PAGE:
22 U.S. Code § 2291j–1 - International drug control certification procedures

During any fiscal year, funds that would otherwise be withheld from obligation or expenditure under section 2291j of this title may be obligated or expended beginning October 1 of such fiscal year provided that:
(1) Report

Not later than September 15 of the previous fiscal year the President has submitted to the appropriate congressional committees a report identifying each country determined by the President to be a major drug transit country or major illicit drug producing country as defined in section 2291(e) of this title.

(2) Designation and justificationIn each report under paragraph (1), the President shall—
(A) designate each country, if any, identified in such report that has failed demonstrably, during the previous 12 months, to make substantial efforts—
(i)
to adhere to its obligations under international counternarcotics agreements; and
(ii)
to take the counternarcotics measures set forth in section 2291h(a)(1) of this title;
(B)
designate each country, if any, identified under section 2291h(a)(10) of this title that has failed to adopt and utilize scheduling procedures for illicit drugs that are comparable to the procedures authorized under title II [1] of the Controlled Substances Act (21 U.S.C. 811 et seq.) for adding drugs and other substances to the controlled substances schedules;
(C)
designate each country, if any, identified under section 2291h(a)(10) of this title that has not taken significant steps to prosecute individuals involved in the illicit manufacture or distribution of controlled substance analogues (as defined in section 102(32) of the Controlled Substances Act (21 U.S.C. 802(32)) [2];
(D)
include a justification for each country designated under subparagraph (A), (B), or (C).
(3) Limitation on assistance for designated countriesIn the case of a country identified in a report under paragraph (1) that is designated in the report under paragraph (2)(A) or thrice designated during a 5-year period in the report under subparagraph (B) or (C) of paragraph (2), United States assistance may be provided to such country in the subsequent fiscal year only if the President determines and reports to the appropriate congressional committees that—
(A)
provision of such assistance to the country in such fiscal year is vital to the national interests of the United States; or
(B) subsequent to the designation being made under paragraph (2)(A), the country has made substantial efforts—
(i)
to adhere to its obligations under international counternarcotics agreements; and
(ii)
to take the counternarcotics measures set forth in section 2291h(a)(1) of this title.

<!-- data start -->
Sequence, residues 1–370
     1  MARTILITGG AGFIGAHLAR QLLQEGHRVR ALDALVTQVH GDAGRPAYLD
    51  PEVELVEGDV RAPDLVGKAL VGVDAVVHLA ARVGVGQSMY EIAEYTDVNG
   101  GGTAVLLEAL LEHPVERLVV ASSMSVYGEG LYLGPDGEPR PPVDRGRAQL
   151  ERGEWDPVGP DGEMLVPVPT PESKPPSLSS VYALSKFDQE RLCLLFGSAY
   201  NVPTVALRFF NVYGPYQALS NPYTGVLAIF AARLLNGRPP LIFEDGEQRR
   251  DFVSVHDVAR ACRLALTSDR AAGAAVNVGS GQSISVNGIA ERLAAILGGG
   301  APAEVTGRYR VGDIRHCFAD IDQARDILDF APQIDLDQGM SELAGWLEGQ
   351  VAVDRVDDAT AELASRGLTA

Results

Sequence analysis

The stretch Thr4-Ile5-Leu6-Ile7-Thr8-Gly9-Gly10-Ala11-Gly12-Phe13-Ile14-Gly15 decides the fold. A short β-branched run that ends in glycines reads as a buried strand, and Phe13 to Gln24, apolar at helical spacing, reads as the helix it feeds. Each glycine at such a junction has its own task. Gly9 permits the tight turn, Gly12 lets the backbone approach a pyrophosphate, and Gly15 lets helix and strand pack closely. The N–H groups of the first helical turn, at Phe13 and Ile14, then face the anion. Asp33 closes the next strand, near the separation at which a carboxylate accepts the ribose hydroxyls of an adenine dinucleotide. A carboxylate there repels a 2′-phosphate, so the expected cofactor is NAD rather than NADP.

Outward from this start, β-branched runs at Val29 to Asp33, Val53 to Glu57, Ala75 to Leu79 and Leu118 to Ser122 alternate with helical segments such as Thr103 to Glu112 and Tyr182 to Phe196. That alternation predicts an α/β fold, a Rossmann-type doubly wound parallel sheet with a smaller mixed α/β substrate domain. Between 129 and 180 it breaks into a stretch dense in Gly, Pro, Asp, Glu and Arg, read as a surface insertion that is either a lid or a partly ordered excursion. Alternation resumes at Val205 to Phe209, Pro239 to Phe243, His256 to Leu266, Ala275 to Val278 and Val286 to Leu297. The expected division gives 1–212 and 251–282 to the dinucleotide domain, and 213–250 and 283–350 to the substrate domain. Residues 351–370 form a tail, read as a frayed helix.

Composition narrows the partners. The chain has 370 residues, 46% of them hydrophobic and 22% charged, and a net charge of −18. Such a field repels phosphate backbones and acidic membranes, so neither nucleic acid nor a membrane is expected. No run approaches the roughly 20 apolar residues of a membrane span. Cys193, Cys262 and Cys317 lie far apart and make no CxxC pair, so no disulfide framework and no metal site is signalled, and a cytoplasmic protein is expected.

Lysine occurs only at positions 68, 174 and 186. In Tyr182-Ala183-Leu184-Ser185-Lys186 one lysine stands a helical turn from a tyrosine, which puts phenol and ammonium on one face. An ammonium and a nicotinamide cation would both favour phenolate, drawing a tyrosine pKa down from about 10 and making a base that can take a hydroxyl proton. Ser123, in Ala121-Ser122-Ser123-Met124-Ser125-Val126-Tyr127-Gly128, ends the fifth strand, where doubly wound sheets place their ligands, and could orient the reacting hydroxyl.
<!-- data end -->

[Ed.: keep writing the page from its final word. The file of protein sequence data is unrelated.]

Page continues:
(4) International counternarcotics agreement definedIn this section, the term “international counternarcotics agreement” means—
(A)
the United Nations Convention Against Illicit Traffic in Narcotic Drugs and Psychotropic Substances; or
(B) any bilateral or multilateral agreement in force between the United States and another country or countries that addresses issues relating to the control of illicit drugs, such as—
(i)
the production, distribution, and interdiction of illicit drugs;
(ii)
demand reduction;
(iii)
the activities of criminal organizations;
(iv)
international legal cooperation among courts, prosecutors, and law enforcement agencies (including the exchange of information and evidence);
(v)
the extradition of nationals and individuals involved in drug-related criminal activity;
(vi)
the temporary transfer for prosecution of nationals and individuals involved in drug-related criminal activity;
(vii)
border security;
(viii)
money laundering;
(ix)
illicit firearms trafficking;
(x)
corruption;
(xi)
control of precursor chemicals;
(xii)
asset forfeiture; and
(xiii)
related training and technical assistance,
and includes, where appropriate, timetables and objective and measurable standards to assess the progress made by participating countries with respect to such issues.
(5) Application
(A)
Section 2291j(a) through (h) of this title shall not apply during any fiscal year with respect to any country identified in the report required by paragraph (1) of this section.
(B)
Notwithstanding paragraphs (1) through (5)(A) of this section, the President may apply the procedures set forth in section 2291j(a) through (h) of this title during any fiscal year with respect to any country determined to be a major drug transit country or major illicit drug producing country as defined in section 2291(e) of this title.
(C)
Notwithstanding paragraph (3), assistance to promote democracy (as described in section 2291(e)(4)(E) of this title) shall be provided to countries identified in a report under paragraph (1) and designated under subparagraph (B) or (C) of paragraph (2), to the extent such countries are otherwise eligible for such assistance, regardless of whether the President reports to the appropriate congressional committees in accordance with such paragraph.
(D)
Notwithstanding paragraph (3), assistance to combat trafficking (as described in section 2291(e)(4)(F) of this title) shall be provided to countries identified in a report under paragraph (1) and designated under subparagraph (B) or (C) of paragraph (2), to the extent such countries are otherwise eligible for such assistance, regardless of whether the President reports to the appropriate congressional committees in accordance with such paragraph.
(E)
Notwithstanding paragraph (3), global health assistance (as described in section 2291(e)(4)(G) of this title) shall be provided to countries identified in a report under paragraph (1) and designated under subparagraph (B) or (C) of paragraph (2), to the extent such countries are otherwise eligible for such assistance, regardless of whether the President reports to the appropriate congressional committees in accordance with such paragraph